The Cass County Special Olympics team is part of area 17 of the Michigan Special Olympics, which services Berrien, Cass and Van Buren counties. Currently, the Special Olympics is in its basketball season, with the 23-person Cass County team — which has players ranging in age from 10 to 47 — having its hopes set on winning the playoffs to take place March 2 in Caledonia, Michigan. If the team wins two playoff games, it will move on to the state championship.

“We have a good chance,” Bob said. “They have as just as good a chance as anyone.”

However, while the Nickels and team members may have their eyes on the prize, the Cass County team is about much more than winning. It is about providing individuals with disabilities the chance to change their lives.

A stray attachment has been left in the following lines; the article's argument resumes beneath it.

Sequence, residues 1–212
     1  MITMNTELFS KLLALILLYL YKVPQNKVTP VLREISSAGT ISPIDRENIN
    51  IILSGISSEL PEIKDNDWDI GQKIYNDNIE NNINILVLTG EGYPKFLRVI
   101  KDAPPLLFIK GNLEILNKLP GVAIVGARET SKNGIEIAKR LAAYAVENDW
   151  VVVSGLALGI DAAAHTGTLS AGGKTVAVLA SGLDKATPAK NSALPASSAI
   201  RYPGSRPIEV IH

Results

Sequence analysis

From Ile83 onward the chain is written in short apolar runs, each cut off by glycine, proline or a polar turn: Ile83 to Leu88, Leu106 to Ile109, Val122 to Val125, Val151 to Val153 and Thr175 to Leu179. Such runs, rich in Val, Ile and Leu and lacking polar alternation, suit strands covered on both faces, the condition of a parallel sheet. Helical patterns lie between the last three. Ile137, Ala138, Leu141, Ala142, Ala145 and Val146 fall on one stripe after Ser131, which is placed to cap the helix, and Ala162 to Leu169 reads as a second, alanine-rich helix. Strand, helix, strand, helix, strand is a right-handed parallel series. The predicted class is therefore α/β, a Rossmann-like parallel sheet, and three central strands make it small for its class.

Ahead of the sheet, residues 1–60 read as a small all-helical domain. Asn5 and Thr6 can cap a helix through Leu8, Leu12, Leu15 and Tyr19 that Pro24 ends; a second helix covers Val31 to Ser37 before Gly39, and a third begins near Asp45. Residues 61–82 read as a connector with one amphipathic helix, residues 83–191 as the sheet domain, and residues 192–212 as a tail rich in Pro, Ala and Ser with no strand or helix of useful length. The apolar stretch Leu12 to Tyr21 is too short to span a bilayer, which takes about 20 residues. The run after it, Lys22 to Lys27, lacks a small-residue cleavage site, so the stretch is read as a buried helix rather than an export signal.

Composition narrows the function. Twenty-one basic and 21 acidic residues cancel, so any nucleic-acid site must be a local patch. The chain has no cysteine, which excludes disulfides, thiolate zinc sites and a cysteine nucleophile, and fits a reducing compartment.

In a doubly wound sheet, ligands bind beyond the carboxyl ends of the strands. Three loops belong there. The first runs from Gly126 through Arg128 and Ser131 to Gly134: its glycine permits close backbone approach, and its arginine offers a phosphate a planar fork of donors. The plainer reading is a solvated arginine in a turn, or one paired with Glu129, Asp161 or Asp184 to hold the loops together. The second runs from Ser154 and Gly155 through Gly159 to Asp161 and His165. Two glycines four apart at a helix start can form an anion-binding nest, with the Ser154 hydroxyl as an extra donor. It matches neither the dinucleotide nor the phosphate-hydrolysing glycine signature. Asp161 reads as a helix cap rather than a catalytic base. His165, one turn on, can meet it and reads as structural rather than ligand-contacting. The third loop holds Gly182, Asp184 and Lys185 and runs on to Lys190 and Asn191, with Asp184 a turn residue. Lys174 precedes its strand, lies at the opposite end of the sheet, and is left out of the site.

“It’s not really about winning or losing,” Kelley said. “[The athletes] just love to play and to be together. It doesn’t matter if they win. They just bloom, and it really helps them.  It is amazing to watch.”

Making dreams come true

During one of the team’s biweekly practices, Wade Hardisty, 23, of Vandalia, was decked out from head to toe in gold and purple in honor of the Los Angeles Lakers, the team of LeBron James, his favorite basketball player.   

“I love LeBron more than the Lakers,” he said. “I wear the jersey because I love LeBron. … I’m a sports fanatic.”

Ever since he was little, Hardisty has idolized players like James and memorized their stats and plays. He said he enjoys being a part of the Special Olympics team because it allows him to play the same sport as his favorite celebrities.

“It’s helped me a lot to dribble and make baskets,” he said. “I haven’t stopped because I want to keep on playing.”